Study Shows Dogs Understand the Words We Say to Them

DogListen

A new study has shown that dogs understand both the meaning of words we say to them as well as inferring meaning from tone.  According to a recent article in the New York Times, dogs brains process speech very similar to human toddlers.

During the study, conducted in Hungary, scientists trained 13 canines to relax inside of an MRI machine while researchers spoke to them. The researchers used words with both positive and negative intonations and discovered that the canines’ left hemisphere understood the meaning of the words, regardless of the tone, associating words with positive or negative experiences, pretty close to how humans decipher language. They also pay close attention to body language and eye movements.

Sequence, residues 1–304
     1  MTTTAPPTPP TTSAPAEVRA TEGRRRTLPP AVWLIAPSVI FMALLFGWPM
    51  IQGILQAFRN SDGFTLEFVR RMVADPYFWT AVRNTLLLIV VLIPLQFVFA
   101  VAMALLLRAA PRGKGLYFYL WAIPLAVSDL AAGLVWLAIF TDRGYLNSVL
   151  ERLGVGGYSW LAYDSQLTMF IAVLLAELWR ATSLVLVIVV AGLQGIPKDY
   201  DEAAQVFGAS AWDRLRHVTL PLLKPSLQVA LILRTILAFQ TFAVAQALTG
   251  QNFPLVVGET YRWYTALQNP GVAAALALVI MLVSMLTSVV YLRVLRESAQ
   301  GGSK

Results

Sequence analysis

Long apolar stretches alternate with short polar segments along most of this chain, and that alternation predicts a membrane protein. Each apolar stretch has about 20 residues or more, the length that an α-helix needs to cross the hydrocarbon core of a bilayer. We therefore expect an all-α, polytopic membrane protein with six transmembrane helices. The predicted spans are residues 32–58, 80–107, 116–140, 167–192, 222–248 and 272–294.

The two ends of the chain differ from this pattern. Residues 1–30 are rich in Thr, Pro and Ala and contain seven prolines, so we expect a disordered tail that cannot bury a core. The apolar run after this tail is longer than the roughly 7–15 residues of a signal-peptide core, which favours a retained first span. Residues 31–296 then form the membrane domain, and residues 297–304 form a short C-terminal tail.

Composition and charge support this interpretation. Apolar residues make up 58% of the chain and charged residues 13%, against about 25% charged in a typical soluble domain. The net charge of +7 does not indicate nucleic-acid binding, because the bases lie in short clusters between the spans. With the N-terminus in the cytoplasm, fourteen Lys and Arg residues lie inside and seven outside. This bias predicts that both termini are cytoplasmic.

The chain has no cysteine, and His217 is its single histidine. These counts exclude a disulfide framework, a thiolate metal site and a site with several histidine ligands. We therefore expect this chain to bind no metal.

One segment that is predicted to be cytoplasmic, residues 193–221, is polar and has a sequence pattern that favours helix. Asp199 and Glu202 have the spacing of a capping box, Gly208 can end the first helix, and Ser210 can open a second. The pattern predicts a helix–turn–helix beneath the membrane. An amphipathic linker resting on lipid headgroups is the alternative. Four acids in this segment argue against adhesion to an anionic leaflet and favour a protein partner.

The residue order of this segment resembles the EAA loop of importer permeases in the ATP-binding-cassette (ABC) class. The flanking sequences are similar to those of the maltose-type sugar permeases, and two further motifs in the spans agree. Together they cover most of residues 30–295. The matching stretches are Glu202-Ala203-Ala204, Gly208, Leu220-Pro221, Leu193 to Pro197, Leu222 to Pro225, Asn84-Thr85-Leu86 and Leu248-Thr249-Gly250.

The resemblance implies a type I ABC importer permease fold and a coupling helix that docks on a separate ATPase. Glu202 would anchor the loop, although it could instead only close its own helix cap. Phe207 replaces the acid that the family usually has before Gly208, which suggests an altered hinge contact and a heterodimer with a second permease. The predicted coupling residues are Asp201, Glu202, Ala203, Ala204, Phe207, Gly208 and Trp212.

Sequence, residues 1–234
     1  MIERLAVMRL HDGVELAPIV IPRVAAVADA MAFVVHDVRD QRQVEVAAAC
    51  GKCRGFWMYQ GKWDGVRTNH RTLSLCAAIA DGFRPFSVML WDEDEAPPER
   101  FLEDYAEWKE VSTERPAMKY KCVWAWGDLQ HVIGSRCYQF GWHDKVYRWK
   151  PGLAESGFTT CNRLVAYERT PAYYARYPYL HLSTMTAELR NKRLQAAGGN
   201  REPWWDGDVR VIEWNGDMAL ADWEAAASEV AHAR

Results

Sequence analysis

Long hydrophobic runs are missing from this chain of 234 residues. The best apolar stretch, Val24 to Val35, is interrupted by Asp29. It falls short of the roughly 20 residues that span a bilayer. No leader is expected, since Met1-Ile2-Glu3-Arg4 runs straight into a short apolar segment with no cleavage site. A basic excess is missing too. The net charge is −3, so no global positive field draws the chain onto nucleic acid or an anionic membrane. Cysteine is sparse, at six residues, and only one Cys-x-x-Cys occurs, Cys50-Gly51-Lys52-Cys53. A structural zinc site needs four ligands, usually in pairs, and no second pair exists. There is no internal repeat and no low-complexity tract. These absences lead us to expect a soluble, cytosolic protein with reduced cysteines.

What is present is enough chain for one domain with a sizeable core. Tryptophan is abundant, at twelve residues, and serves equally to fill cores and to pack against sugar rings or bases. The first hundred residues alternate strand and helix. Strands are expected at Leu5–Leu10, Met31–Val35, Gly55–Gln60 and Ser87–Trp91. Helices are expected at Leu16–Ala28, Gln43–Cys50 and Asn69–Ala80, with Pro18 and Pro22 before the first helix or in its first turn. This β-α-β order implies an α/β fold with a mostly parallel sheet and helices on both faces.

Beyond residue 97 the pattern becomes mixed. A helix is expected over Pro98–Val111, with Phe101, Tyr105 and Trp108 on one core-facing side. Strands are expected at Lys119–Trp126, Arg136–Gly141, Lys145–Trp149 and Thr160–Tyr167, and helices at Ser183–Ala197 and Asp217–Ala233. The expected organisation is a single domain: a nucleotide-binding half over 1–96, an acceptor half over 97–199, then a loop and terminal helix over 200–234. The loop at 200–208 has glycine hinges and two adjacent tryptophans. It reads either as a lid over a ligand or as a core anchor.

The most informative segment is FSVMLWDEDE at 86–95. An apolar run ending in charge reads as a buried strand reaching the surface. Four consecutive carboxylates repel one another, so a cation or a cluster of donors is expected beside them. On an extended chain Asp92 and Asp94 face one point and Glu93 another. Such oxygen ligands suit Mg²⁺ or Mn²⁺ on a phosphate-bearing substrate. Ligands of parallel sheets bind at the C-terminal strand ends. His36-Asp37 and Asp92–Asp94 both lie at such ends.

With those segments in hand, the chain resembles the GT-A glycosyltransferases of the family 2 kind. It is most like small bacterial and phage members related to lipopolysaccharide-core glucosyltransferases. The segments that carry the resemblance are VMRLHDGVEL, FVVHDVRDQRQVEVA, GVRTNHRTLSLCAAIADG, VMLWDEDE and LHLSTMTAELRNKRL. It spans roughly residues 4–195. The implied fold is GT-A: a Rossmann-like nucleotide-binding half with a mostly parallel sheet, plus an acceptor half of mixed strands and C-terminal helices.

This is big news in terms of evolution of language. “It shows that for dogs, a nice praise can very well work as a reward, but it works best if both words and intonation match,” the study’s lead scientist, Attila Andics, told the New York Times. “So dogs not only tell apart what we say and how we say it, but they can also combine the two, for a correct interpretation of what those words really meant.”

So the next time you take your dog to the vet and wonder why they are acting anxious before you even arrive, you and your family will know to keep those lips sealed!

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